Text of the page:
Commentary

This Kim Clijsters not your friend

Updated: September 12, 2010, 7:02 PM ET
By Johnette Howard | ESPN.com

New York -- Watching Kim Clijsters during her remorseless dismantling of Vera Zvonareva in the U.S. Open women's final Saturday, it was amusing to think that not so long ago, Clijsters always heard she was too "nice" to win Grand Slams. Serena Williams snarls and shrieks her way through championship matches. Justine Henin, Clijsters' bantamweight Belgian countrywoman, is as mean as a mongoose once you throw her on a tennis court.

For a long time, Clijsters was the perennial runner-up at majors, the classic gracious loser who seemed to befriend everyone on tour.

[+] EnlargeKim Clijsters
Chris McGrath/Getty ImagesKim Clijsters is a nice girl, make no mistake, but she is not looking to be your friend on the court.

But Clijsters is changing that, one U.S. Open at a time. After becoming the first woman in 10 years to defend her title in New York, Clijsters actually volunteered Saturday how nice it was to also get "a little bit of revenge" against Zvonareva for the way Zvonareva upset her in three sets in the quarterfinals at Wimbledon this summer.

Clijsters? Seeking revenge?

"A little bit" doesn't accurately describe how badly Clijsters trounced Zvonareva. Clijsters took the seventh-seeded Russian apart in just 59 minutes, never letting her breathe, never once taking her foot off the gas, just mercilessly running her all over the court and pounding one powerful groundstroke after another at her until she'd routed her, 6-2, 6-1.

The one time Zvonareva did stir -- finally pushing Clijsters to a break point at 3-1 of the second set -- Clijsters immediately slapped her down with an ace and won the game. As Clijsters explained later in her postmatch news conference, "That was a very important game for me to win, because, yeah, I just didn't give her that small chance to get back into the match."

"You're a very caring person," a reporter told Clijsters. "How hard is that to do?"

"On the court it's not hard," Clijsters shot back.

For Clijsters, the win was her third career Grand Slam title overall, and all of them have come at the U.S. Open. She also won the 2005 crown before missing the '06 tournament with injuries, then skipping the Open the next two years to get married and have a baby, Jada, who is now 2½ years old.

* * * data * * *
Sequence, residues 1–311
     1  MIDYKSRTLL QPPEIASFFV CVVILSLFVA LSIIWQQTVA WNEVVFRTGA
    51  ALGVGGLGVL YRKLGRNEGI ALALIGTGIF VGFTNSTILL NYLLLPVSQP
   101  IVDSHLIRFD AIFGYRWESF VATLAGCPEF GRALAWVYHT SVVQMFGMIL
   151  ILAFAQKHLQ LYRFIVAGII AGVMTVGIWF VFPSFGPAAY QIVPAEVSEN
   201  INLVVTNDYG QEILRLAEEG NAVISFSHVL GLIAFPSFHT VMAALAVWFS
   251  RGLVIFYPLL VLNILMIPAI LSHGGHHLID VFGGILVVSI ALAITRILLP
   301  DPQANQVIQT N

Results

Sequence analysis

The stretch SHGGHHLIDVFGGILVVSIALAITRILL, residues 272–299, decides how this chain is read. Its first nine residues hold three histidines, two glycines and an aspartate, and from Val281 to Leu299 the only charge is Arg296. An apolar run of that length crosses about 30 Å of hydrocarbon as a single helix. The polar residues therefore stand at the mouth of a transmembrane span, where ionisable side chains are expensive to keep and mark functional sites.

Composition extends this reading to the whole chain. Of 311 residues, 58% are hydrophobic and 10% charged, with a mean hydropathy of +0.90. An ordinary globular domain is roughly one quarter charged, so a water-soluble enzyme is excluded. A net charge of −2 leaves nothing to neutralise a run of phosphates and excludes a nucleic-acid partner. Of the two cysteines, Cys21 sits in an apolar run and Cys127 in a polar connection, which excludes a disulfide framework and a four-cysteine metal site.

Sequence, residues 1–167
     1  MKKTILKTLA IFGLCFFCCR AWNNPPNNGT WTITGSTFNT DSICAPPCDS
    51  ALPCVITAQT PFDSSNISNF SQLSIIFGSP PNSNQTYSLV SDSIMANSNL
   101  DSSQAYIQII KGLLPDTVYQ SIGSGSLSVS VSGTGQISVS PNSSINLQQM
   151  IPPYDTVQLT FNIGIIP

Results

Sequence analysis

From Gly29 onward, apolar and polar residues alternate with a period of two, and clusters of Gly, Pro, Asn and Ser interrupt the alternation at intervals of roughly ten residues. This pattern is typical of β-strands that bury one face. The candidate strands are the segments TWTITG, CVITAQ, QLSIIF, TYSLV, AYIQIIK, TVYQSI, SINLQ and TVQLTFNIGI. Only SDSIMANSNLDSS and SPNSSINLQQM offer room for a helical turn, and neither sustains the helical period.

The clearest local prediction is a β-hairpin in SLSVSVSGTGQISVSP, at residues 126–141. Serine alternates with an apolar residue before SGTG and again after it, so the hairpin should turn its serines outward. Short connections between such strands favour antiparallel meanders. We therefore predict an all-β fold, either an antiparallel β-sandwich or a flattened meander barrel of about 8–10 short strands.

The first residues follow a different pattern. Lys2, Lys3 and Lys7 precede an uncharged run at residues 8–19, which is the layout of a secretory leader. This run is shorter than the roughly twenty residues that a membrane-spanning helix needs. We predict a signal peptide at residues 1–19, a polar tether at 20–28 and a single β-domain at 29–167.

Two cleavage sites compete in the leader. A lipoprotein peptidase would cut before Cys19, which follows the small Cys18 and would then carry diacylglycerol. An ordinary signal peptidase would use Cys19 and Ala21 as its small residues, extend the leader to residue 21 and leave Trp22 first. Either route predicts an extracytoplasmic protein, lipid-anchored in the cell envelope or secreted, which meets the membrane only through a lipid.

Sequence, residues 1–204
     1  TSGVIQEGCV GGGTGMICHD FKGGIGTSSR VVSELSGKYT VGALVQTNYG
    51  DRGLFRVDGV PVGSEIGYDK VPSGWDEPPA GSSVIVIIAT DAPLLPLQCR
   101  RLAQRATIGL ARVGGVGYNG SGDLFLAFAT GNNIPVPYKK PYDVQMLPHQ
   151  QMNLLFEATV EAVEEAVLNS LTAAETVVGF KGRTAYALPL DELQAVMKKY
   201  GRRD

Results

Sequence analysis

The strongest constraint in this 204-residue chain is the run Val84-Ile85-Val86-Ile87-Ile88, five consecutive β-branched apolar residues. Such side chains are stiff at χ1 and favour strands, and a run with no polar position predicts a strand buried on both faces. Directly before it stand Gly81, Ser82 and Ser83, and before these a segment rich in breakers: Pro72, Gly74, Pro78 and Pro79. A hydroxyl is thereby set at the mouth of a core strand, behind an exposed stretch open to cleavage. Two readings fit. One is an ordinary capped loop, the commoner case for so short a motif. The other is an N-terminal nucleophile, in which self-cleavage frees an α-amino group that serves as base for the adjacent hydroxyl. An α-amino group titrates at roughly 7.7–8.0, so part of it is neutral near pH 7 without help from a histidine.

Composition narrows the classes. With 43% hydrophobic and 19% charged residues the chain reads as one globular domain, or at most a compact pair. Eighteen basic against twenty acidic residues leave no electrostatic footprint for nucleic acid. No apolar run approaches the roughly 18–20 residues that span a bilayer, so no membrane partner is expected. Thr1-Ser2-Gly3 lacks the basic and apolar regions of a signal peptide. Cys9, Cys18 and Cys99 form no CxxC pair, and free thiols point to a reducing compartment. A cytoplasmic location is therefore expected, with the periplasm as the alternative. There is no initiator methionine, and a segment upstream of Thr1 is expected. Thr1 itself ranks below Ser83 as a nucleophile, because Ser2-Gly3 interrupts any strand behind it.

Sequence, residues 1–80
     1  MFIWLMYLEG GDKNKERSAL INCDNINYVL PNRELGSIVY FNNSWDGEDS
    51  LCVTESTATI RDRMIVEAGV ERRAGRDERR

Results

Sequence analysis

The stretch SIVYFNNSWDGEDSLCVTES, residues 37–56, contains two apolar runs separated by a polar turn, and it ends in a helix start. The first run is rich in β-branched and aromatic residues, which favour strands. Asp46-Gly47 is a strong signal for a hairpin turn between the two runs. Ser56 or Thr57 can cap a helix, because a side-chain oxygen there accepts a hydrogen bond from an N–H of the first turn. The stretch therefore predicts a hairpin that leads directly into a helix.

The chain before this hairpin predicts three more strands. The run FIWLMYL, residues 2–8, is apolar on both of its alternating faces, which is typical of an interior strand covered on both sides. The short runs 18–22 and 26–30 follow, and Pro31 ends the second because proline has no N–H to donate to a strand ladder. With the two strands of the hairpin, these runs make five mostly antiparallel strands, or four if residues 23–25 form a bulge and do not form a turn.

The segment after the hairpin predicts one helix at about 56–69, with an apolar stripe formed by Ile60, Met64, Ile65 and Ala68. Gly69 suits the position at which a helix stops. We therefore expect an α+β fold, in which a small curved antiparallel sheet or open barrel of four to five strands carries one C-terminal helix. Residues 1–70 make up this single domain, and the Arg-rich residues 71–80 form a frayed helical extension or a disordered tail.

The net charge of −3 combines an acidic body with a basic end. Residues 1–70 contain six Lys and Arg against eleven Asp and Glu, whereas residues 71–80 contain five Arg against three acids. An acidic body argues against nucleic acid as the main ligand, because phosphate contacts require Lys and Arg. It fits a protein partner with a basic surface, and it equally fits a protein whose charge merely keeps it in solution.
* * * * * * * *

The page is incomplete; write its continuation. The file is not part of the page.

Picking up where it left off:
Rather than dull her skills, Clijsters has come back a better player. Even more than her rout of Zvonareva, Clijsters' three-set thriller over Venus Williams in Friday's semifinal revealed more about why Clijsters has been able to bridge the gap from being a four-time Grand Slam runner-up to Grand Slam winner -- that final step that Zvonareva, who also made but lost badly in the Wimbledon final, is still trying to close.

Clijsters has always been able to trade booming groundstrokes with Williams. Clijsters is such a good athlete she can flip from defense to offense within a point more effectively than anyone in the women's game right now, except Serena. But with Friday's match in the balance, it was Venus -- who had barely played this summer because of a kneecap injury -- who cracked first for a change. Not Clijsters.

Williams double faulted twice in the their second-set tiebreaker to help Clijsters push the match to a third set. By then, Clijsters was flicking Williams' 120-plus mph serves back at her, and ripping passing shots by her at the net.

For a moment it looked as though the old Clijsters might make a comeback when she took the net but blasted a volley 10 feet long to help Williams break her for the final-set lead. But no. Clijsters just angrily slapped away the extra ball she had in her hand, hunkered down for the next game, and broke Williams right back -- then went on to carve out the win by coolly parachuting a couple lobs in just inside the baseline, and pouncing on some weak, high-bouncing shots Venus slapped back at her, and ripping winners.

The way Clijsters closed out the last two games was downright ferocious -- another word not usually associated with her.

"To be honest, when I think back now on my first Grand Slam final," Clijsters said, "there's not a lot of things I remember just because it was just so emotional. … [I] just wasn't able to place those emotions. Now I'm able to do that a lot faster.

"I also feel, OK, I still get nervous and get that heavy arm. But I'm able to control it better and just not let it affect me in a way that my body is going down or, where I'm not able to play the same type of tennis that I want to play."

The 27-year-old Clijsters agreed her next challenge is to go prove she can win at the other Slams.

She says, "I want to do well in all of them, of course."

She was asked now how long she wants to keep playing. And the remorseless competitor in Clijsters was back.

She left no doubt she really can finally separate being nice and playing "nice."

"Now that I'm playing well, obviously, why -- I'm not going to just give it up," she said.

Johnette Howard is a columnist for ESPNNewYork.com. You can follow her on Twitter.

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